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Have the flu? Antibiotics aren’t for you.

Most of us have tried and true ways we combat flu symptoms, like sipping chicken soup to fight the sore throat and wrapping up in warm blankets to ward off the chills.

Maybe you call your doctor, too. But before you ask for any medications, read about the difference between bacterial and viral infections. What you’ve caught will determine your treatment. 

Viral infections and antibiotics

Antibiotics treat bacterial infections, but influzena is caused by a virus, so antibiotics aren’t effective treatment for the flu. “In fact, antibiotics may do more harm than good if you have the flu,” says Dr. Tyler Policht, a family medicine doctor at Geisinger. “They won’t help you feel better, and they can cause other health problems.”

That’s because viruses infect your body in a different way. Viruses infect your cells and multiply inside of them. For the virus, your cells act as a sort of “Trojan horse” so they can reproduce. Because they hide in your cells, antibiotics can’t affect viruses in the same way.

Antibiotics: Too much of a good thing

The fewer antibiotics we all take, the better — for ourselves and the whole planet.

Although antibiotics kill both good and bad bacteria, they can miss bacteria like Clostridium difficile (C. diff). After taking antibiotics, you could get a C. diff infection, which causes diarrhea and can require emergency medical attention. Antibiotics can also cause abdominal pain and yeast infections like vaginosis or thrush.

Overuse of antibiotics also contributes to the rise of “super bugs,” or antibiotic resistant bacteria. So, avoiding antibiotics when possible is one way to promote good health globally.  

Prevention is the best medicine

Keeping yourself healthy during flu season starts with prevention.

“The best way to avoid getting the flu is to get vaccinated,” said Dr. Policht. “The flu shot may not be 100 percent effective, but even if you do get sick after getting the vaccine, it’s likely that your illness won’t be as severe.”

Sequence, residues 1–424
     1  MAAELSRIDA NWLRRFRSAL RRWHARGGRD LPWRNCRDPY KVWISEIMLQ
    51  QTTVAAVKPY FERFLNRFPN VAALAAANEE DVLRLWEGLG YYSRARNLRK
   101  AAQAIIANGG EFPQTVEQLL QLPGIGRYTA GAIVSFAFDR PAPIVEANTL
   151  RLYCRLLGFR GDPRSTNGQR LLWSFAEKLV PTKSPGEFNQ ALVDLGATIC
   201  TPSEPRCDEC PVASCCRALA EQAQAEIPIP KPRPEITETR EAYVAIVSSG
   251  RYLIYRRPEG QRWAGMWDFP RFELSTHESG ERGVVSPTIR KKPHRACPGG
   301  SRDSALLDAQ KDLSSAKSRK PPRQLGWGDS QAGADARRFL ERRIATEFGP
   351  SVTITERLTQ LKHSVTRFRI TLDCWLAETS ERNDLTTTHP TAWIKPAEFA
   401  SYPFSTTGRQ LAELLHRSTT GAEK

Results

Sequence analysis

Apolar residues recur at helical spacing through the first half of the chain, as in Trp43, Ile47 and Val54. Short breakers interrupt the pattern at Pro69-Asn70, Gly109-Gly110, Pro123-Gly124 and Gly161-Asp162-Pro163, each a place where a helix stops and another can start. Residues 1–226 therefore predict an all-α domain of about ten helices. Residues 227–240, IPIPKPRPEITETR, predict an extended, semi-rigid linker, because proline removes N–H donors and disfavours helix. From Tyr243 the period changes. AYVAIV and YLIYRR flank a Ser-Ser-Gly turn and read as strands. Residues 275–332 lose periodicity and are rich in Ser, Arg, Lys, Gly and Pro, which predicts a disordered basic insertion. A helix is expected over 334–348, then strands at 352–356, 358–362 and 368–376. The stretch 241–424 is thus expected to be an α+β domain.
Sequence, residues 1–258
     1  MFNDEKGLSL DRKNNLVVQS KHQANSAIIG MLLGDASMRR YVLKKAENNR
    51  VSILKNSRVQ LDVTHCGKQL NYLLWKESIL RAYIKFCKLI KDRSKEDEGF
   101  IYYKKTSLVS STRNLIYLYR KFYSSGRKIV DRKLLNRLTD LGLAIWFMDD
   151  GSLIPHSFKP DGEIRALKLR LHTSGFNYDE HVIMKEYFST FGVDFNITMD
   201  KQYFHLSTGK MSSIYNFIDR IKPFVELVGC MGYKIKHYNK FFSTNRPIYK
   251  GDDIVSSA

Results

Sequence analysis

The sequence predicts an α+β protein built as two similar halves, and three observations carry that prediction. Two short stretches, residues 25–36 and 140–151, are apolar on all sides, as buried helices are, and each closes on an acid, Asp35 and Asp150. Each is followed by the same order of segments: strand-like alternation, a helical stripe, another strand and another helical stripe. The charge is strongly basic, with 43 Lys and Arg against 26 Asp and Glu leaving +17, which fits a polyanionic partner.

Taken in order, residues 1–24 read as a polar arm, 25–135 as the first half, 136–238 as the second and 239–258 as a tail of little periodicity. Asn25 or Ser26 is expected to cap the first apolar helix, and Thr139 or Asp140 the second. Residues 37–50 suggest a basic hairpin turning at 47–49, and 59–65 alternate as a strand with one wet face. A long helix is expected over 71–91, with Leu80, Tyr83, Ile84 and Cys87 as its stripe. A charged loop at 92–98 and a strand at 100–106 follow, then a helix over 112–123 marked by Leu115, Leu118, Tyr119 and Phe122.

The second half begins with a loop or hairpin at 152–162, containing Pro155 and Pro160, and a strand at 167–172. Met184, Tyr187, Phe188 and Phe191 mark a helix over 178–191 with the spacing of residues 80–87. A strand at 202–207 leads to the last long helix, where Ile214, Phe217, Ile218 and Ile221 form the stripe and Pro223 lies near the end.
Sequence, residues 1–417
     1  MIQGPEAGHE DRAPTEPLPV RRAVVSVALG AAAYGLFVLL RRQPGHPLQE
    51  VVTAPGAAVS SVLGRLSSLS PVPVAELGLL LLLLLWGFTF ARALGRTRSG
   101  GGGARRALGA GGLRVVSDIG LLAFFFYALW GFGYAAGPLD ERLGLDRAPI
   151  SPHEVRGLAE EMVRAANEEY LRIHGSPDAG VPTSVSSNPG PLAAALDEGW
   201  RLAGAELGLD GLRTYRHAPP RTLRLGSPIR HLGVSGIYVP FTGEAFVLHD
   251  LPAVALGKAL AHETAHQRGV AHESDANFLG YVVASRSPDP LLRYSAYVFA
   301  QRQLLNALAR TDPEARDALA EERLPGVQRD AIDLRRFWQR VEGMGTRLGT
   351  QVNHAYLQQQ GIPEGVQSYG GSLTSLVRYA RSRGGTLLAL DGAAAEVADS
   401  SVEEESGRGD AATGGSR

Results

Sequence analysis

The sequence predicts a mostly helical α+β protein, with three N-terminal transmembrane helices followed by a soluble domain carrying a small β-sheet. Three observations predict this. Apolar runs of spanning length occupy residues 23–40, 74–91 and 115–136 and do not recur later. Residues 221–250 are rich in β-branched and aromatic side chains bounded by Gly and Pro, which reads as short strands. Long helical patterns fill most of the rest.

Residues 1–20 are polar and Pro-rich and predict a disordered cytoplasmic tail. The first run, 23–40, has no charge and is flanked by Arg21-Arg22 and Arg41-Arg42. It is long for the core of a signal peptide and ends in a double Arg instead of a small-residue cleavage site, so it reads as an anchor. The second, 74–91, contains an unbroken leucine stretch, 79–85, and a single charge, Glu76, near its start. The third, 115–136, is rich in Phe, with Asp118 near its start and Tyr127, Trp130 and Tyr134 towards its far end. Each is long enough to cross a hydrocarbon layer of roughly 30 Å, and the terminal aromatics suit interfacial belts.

Getting your flu shot is easier than ever for Geisinger patients. Get a walk-in flu shot during business hours at: 

To avoid longer wait times, you can schedule an appointment

Treatments for viral flu

If you feel sick, talk to your doctor and ask whether you have a bacterial or viral infection. From there, they can tell you what the best treatment is. If it’s bacterial, antibiotics can help. But if it’s viral, it needs to run its course. 

If you have the flu and seek treatment early enough, in the first two days doctors can prescribe anti-viral medications to shorten the length of the sickness and limit its severity. If you’re diagnosed with the flu after that, over-the-counter medication can still help treat some symptoms.

Even without medication, viruses are “self-limiting,” meaning they’ll go away with or without treatment. Try some home remedies, too, like:

  • Rest: Sleep will help your immune system fight the illness.
  • Drinking plenty of fluids: Water, herbal tea with honey and lemon, broth and 100 percent juices can help you feel better and keep you hydrated.
  • Home remedies: Using menthol ointment, taking a hot bath, eating chicken soup and more of your tried-and-true cures for the common cold and flu can help relieve symptoms.

If you notice that you’re not getting better after 10 days from a cold or flu, or if your symptoms are getting worse at any time, talk to your doctor. People at high risk of flu complications include: 

  • Young children
  • Adults age 65 and older
  • Pregnant women
  • People with certain medical conditions such as asthma, diabetes and heart disease

Vaccines, plenty of rest and staying on top of your nutrition will always help your immune system fight the flu. 

“You can do a few things to protect others from getting sick,” says Dr. Policht. “Stay at home, except to seek medical care, cover your cough and wash your hands often.”

Next steps: 

4 reasons to get your flu shot
4 flu season etiquette tips to keep you (and everyone else) healthy
Meet Tyler Policht, MD